Availability: Άμεσα Διαθέσιμο

Probability Modeling and Statistical Inference in Cancer Screening

ISBN: 9781032513300
ISBN: 9781032513300
Εκδόσεις:
Διαστάσεις 23 × 15 cm
Μορφή

Hardback

Εκδόσεις

Ημ. Έκδοσης

2024/02

Σελίδες

286

Έκδοση

1η έκδοση

Κύριος Συγγραφέας

105,00€(Περιλαμβάνεται ΦΠΑ 6%)

Διαθεσιμότητα: 23-28 ημέρες

Περιγραφή

Cancer screening has been carried out for six decades – however, there are many unsolved problems: how to estimate key parameters involved in screenings, such as sensitivity, the time duration in the preclinical state (i.e., sojourn time), and time duration in the disease-free state; how to estimate the distribution of lead time, the diagnosis time advanced by screening; how to evaluate the long-term outcomes of screening, including the probability of overdiagnosis among the screen-detected; when to schedule the first exam based on one’s current age and risk tolerance; and when to schedule the upcoming exam based on one’s screening history, age, and risk tolerance. These problems need proper probability models and statistical methods in order to be dealt with.

Features:

  • This book gives a concise account of the analysis of cancer screening data, using probability models and statistical methods.
  • Real data sets are provided so that cancer researchers and statisticians can apply the methods in the learning process.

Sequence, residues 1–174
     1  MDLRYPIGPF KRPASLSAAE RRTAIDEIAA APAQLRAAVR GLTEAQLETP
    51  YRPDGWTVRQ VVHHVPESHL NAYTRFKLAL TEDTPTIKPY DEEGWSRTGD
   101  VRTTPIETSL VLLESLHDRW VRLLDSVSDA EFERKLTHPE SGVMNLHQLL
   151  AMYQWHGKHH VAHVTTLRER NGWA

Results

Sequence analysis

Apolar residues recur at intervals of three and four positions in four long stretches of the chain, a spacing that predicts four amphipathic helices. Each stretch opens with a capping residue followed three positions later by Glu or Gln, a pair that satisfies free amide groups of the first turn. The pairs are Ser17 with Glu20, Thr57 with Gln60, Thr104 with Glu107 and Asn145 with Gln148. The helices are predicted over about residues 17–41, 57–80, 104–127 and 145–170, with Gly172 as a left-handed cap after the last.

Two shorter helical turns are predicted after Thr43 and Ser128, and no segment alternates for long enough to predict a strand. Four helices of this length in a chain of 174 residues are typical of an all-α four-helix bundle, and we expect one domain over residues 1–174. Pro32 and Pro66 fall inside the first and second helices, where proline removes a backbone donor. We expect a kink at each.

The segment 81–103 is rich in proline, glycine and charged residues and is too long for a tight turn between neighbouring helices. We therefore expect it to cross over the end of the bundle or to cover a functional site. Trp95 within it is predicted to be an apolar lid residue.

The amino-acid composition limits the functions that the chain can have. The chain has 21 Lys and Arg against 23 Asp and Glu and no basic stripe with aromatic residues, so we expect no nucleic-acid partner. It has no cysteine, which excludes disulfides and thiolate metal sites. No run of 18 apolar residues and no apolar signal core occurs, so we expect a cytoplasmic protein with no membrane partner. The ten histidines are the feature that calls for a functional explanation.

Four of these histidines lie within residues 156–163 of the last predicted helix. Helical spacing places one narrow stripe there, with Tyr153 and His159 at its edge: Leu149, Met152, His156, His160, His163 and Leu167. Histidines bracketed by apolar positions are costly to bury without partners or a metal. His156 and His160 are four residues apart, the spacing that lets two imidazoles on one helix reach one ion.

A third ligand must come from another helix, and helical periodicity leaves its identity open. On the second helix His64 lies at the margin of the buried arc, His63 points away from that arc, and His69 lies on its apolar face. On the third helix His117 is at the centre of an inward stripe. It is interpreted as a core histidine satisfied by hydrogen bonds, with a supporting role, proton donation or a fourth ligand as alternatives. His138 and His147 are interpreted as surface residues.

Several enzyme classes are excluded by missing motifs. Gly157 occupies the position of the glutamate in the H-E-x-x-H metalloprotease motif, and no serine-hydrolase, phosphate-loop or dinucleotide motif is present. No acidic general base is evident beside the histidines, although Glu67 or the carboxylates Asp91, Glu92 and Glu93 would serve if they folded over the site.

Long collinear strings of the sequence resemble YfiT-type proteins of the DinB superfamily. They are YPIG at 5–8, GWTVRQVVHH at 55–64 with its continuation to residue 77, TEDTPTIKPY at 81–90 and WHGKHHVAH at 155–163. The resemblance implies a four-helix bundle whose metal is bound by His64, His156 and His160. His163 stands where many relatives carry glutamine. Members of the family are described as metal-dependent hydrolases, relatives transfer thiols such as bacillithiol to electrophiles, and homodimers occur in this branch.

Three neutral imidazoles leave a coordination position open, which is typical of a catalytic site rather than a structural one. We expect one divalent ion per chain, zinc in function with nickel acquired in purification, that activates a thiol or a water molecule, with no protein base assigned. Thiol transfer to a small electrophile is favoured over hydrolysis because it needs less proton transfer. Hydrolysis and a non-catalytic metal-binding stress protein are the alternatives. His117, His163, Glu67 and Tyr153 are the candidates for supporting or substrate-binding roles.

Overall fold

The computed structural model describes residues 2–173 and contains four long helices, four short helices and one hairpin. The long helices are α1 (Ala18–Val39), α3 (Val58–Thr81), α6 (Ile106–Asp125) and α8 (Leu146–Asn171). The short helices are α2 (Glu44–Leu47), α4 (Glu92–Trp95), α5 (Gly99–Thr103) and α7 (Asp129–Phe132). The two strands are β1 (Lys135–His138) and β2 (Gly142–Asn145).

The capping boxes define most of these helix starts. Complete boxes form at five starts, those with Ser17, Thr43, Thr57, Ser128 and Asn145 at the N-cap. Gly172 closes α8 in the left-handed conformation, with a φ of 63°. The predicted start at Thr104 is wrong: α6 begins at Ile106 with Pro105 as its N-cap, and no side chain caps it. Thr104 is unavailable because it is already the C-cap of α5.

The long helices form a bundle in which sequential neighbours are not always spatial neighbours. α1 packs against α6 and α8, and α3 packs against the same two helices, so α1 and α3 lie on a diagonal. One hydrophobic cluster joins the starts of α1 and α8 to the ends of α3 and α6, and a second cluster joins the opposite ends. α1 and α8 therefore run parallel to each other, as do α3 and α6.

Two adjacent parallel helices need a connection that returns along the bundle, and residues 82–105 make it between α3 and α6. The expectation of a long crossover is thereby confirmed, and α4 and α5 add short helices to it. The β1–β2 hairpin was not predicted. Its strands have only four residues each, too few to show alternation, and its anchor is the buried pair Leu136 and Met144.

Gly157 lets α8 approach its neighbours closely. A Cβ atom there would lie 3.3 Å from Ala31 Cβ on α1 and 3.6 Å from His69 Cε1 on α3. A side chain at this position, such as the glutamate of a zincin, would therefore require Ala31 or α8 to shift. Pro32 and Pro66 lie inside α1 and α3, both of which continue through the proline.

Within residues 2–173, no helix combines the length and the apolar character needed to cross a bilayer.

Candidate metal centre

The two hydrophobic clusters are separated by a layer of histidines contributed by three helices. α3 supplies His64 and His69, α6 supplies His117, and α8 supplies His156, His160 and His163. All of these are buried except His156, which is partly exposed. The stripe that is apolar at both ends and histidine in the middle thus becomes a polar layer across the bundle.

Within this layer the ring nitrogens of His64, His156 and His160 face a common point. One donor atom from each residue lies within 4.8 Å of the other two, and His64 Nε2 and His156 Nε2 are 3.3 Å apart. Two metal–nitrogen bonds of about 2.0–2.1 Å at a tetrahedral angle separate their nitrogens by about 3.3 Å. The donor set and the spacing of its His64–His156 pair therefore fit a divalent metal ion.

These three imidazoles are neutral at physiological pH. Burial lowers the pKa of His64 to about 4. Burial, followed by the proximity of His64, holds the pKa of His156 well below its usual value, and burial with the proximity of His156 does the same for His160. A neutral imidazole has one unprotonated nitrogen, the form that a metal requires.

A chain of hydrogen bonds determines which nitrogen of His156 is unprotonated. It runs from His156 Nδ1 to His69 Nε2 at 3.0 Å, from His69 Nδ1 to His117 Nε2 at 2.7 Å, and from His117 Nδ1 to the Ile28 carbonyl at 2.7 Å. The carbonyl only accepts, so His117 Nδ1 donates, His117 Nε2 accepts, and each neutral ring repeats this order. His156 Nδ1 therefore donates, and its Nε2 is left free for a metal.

• It develops statistical methods in the commonly used disease progressive model.
  • It provides solutions to practical problems and introduces open problems.
  • It provides a framework for the most recent developments based on the author’s research.

The book is primarily aimed at researchers and practitioners from biostatistics and cancer research. Readers should have the prerequisite knowledge of calculus, probability, and statistical inference. The book could be used as a one-semester textbook on the topic of cancer screening methodology for a graduate-level course.

Περιεχόμενα

1. A Brief Review of Probability and Examples of Screening
2. Estimating the Three Key Parameters
3. Testing Dependency Of Two Screening Modalities
4. Lead Time Distribution in Cancer Screening
5. Evaluating Long-Term Outcomes and Overdiagnosis in Screening
6. Scheduling the First Exam for Asymptomatic Individuals
7. Scheduling the Upcoming Exam for Individuals with a Screening History